One email message out of trillions has very little significance. However, the ability for the global population to send trillions of email messages to each other is a cultural phenomenon with enormous impact on our daily lives.
War Brought to Living Rooms in America
In the late 1960s in America, social upheaval was the norm. Walter Cronkite with his CBS news reports of the war in Vietnam changed the American perspective on the war. Photos of naked children running away from their burning villages, the carnage, and the devastation brought nightly into the homes of Americans by the television broadcasts made the war in Vietnam visceral and more real than any newspaper accounts could achieve.
Alternatives to Actual Violence
The dissemination of violent messages in the media is a contributing factor towards society’s desensitization towards violence. The alternative for this is dialogue. McLuhan points out that the representation of violent heroes in the media is necessary for young people to understand who they are.
The media promote controlled violence in sports. Sports games must have a public audience, or else they have no meaning in society as a whole. Sports games shown on television, with a massive audience, form part of the social fabric. They act as a release for natural violent tendencies, which is extremely necessary.
Media Literacy is About Discovering the Invisible
The reason why media has a potentially negative effect is that its influence is somewhat invisible. Images on television are not static, but are digital projections. Media participation is a resonant experience, because it requires interpretation by the viewer.
McLuhan’s basic conclusion is that electronic communication creates a loss of a person’s private identity.
How does this affect us in the modern world? The Internet, even more than television, has broken down barriers between people. The explosion of information sharing was a great equalizer. No longer is information guarded and controlled by those in power. Instead, “information wants to be free”.
McLuhan would be shocked and interested in how far this information sharing has gone. After all, his television appearance over thirty years ago is readily able for viewing by anyone who wishes to see it. However, he would also probably point out that just because information is freely shared, does not necessarily mean that the information being shared is actually truthful. This goes to his ability to take a meta-view on systems.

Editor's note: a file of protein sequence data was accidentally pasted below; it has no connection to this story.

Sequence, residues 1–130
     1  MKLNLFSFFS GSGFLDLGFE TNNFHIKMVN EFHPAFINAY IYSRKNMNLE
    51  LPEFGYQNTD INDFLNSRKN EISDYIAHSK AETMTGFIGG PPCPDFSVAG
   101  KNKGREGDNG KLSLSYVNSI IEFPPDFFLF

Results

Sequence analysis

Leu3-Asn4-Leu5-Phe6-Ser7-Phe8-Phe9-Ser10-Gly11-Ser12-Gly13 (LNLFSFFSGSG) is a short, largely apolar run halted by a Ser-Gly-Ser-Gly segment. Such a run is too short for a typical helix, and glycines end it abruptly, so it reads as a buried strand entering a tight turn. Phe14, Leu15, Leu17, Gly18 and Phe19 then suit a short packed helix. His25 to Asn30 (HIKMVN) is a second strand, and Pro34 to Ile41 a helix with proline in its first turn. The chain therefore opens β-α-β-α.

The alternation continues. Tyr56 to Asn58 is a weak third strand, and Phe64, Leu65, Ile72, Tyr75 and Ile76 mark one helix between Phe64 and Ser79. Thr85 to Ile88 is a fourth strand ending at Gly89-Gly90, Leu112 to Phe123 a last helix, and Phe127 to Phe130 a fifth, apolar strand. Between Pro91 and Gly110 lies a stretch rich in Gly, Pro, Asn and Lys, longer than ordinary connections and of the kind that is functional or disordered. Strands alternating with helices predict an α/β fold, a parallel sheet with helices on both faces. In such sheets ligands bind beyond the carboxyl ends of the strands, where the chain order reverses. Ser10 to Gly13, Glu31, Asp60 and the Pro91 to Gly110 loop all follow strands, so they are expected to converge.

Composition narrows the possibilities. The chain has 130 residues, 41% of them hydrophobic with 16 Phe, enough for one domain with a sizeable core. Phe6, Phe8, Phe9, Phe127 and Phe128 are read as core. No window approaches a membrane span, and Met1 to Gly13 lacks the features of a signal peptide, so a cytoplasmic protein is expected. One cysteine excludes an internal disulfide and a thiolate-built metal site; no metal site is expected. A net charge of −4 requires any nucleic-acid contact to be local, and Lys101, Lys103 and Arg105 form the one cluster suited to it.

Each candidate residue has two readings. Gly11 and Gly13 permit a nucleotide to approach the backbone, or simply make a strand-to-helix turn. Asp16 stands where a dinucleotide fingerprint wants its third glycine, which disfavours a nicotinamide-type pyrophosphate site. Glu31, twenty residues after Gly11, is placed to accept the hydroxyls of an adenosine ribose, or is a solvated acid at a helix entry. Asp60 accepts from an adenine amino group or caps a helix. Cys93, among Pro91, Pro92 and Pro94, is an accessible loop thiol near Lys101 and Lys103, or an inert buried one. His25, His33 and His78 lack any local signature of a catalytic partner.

Media Literacy in 2016
The Center for Media Literacy (CML) addresses the issues of understanding the impact of media on global society. The mission of CML is to promote a better understanding of the impact of media. It also provides programs that help the younger generation attain critical thinking skills that are necessary to analyze the impact of media. The CML supports the efforts of teachers, students, academics, parents and caregivers in learning more about how media affects our lives.
The Media Literacy Project was created for the specific purpose of informing the public of the impact of the influence of media in our lives. In 2014, they started a special program called the Youth for Media Justice (Y4MJ). One of their efforts is to get young people to understand how advertisers target them and how to deconstruct advertisements in order to understand the impact on buying decisions and cultural influences.
This group encourages the ability for youth to develop critical thinking and analytic skills. This enables them to not simply be passive absorbents of media content, but to be capable of contemplating the overall implications.
It is important to understand how messages disseminated through the media have the ability to impact culture and society. Consumers of mass media benefit from learning about how they are targeted by advertising messages. They need to know what advertisers want them to believe, how persuasion is used, and most importantly how to recognize bias, spin, misinformation and outright lies that are promoted through the media.
A well-informed young person or adult is better equipped to deal with this phenomenon that otherwise, as McLuhan stated decades ago, is invisible yet significant in impact.